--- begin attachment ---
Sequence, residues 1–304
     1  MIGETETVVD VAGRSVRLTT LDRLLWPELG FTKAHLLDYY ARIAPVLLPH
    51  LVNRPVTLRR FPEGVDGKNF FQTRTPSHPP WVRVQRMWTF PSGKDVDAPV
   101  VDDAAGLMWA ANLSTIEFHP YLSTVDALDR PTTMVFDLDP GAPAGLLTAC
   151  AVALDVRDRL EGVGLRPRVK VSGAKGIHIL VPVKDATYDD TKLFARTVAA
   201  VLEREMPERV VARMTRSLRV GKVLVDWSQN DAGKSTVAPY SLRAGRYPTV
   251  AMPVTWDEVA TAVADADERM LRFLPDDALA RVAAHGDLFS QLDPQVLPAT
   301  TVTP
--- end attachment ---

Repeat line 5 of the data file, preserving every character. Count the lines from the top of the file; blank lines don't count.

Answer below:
   151  AVALDVRDRL EGVGLRPRVK VSGAKGIHIL VPVKDATYDD TKLFARTVAA